The Hong Kong cityscape and junkboat at twilight (Photo: iStock
Countries like Turkey, Morocco, Thailand, Brazil and China are all hot destinations, but these counties' proficiency in English is either rated as low or very low.
Being lost in translation can be a) frustrating, b) disorientating and c) dangerous in some cases. Frustrating because you might be eager to learn something from a native, or ask something very specific - or basic even - and not understand the answer, or even worse, get no answer at all.
Disorientating, as you might get seriously lost.
And dangerous, because you could end up eating something you're allergic to as many countries, like China only have its menus in the local language.
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For the same reason, travelling in countries with little to no proficiency in English is also extra tricky for vegans and vegetarians.
Here are a few tips on how to overcome the language barrier when travelling:
Go old school
Actually learn a new language beforehand. Even if that means learning key phrases, hopping onto language learning app Duolingo to learn the basics, or actually going for classes; this is probably still the best way to go if you really want your visit to be smooth sailing.
Though you might be lost in translation at first, you can also opt to go live and work in another country for a while, this is a great way to 'force' yourself to adopt a new language and be absorbed by the culture from within.
Do some research on 'appropriate' and 'inappropriate' body language before travelling. Non-verbal communication goes a long way, like eye contact and facial expressions when conversing with people. And body language is not interpreted the same the world over.
For example, according to Virtual Speech, the 'OK' sign means different things in different countries. In the West, it means something is okay, but in Greece, Spain and Brazil it means you are calling someone a "butthole".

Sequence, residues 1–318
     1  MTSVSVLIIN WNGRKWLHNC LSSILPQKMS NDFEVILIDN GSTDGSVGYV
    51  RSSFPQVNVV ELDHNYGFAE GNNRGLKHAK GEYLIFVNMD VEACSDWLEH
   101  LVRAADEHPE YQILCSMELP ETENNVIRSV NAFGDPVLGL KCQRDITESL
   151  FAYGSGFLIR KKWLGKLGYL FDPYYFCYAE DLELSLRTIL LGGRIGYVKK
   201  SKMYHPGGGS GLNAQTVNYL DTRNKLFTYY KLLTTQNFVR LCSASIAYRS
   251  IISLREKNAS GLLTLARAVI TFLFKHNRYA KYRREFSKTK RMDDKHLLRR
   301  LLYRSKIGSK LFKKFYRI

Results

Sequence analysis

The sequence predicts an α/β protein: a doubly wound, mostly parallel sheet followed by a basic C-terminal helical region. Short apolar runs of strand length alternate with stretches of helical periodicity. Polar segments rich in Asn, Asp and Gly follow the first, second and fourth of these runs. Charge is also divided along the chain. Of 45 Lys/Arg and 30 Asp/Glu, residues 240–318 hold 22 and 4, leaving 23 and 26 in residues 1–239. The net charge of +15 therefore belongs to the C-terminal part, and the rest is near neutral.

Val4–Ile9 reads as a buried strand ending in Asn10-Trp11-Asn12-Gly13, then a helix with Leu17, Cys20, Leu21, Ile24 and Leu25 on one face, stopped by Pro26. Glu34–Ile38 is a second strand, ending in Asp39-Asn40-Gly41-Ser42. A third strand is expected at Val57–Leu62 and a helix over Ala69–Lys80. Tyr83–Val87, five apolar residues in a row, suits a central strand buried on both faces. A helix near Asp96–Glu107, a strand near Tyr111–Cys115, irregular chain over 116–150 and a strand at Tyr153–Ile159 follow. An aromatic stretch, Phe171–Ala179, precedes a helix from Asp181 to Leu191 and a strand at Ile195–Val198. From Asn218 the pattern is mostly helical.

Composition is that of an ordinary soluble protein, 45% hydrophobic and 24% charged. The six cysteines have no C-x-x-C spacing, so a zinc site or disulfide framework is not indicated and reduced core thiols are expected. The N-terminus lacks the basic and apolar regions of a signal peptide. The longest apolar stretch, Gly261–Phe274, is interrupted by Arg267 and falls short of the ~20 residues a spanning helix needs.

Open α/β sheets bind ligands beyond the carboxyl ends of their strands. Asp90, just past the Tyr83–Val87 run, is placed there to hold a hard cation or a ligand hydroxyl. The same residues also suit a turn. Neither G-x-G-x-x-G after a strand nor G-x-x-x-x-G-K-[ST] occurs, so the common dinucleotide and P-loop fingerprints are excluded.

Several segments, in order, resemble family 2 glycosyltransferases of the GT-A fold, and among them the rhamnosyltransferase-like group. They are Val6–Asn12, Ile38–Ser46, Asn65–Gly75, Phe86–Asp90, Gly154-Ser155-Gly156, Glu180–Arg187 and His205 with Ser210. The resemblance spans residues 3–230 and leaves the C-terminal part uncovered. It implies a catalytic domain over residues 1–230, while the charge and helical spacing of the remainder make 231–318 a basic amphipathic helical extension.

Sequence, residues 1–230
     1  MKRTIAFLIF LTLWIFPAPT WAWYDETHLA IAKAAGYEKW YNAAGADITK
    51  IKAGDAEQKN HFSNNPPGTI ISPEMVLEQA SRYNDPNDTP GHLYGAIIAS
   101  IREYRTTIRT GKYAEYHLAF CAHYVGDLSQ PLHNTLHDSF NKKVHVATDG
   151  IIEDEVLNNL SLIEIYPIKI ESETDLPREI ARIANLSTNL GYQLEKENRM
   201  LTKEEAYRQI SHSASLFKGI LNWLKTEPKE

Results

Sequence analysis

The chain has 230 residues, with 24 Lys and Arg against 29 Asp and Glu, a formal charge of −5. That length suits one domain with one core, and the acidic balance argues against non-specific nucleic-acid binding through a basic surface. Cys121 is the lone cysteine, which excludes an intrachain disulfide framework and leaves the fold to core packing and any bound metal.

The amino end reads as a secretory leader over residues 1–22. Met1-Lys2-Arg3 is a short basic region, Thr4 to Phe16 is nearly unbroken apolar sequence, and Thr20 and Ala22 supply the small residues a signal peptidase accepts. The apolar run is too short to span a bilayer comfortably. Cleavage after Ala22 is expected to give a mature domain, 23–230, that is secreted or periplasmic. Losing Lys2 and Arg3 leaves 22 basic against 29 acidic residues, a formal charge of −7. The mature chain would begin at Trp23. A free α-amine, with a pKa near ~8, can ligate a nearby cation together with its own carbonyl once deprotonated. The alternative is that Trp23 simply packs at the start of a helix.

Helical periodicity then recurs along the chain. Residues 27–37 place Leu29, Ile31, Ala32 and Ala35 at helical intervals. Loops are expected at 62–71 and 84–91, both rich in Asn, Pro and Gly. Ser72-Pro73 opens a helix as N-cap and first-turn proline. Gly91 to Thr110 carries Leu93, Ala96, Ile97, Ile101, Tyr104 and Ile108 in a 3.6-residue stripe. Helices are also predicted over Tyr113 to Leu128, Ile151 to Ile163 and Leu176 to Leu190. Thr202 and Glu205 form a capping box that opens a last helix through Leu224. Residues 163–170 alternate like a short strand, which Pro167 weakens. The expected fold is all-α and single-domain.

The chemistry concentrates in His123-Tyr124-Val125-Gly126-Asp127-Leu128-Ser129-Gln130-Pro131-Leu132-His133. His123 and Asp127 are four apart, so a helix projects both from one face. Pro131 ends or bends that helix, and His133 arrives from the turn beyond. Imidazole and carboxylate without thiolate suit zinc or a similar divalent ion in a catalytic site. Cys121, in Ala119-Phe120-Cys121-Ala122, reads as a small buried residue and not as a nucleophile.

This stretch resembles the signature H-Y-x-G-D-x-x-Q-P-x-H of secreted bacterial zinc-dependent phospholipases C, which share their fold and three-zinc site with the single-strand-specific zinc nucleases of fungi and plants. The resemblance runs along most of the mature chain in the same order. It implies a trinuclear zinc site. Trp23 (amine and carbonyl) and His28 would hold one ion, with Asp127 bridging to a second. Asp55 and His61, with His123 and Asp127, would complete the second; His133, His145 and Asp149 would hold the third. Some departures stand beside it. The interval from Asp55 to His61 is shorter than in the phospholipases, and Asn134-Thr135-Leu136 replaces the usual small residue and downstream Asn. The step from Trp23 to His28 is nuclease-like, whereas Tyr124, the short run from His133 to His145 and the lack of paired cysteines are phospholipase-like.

In Turkey, it is used to insult homosexual people.
Sitting cross-legged in Japan is seen as disrespectful, while it's a perfectly acceptable way of sitting in most other countries.
And when it comes to silence, in places like the UK and US it's predominantly understood as a sign that something is problematic, while in China it's often used to show agreement.
(Bustling Beijing. PHOTO: iStock)
Google Translate, always your friend. But probably the coolest piece of tech out there right now is the already-launched Pilot and also the upcoming Aibuds.
TIP: Be sure to download apps like Waygo when heading to countries like China where Google is not allowed to instantly translate Chinese, Japanese and Korean.
Pilot is specially designed earbuds that capture speech with high definition clarity and promises accurate translations into 15 languages and 42 dialects.
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The Aibuds will also be wireless, wearable language translation earbuds featuring nearly real-time speech translation (into 36 languages and dialects).
See more on their website.
You can also use the Japanese ili, an instant offline translation device. No internet required!
All three these devices cost between $129 and $199 (approximately R1 800-R2 800).
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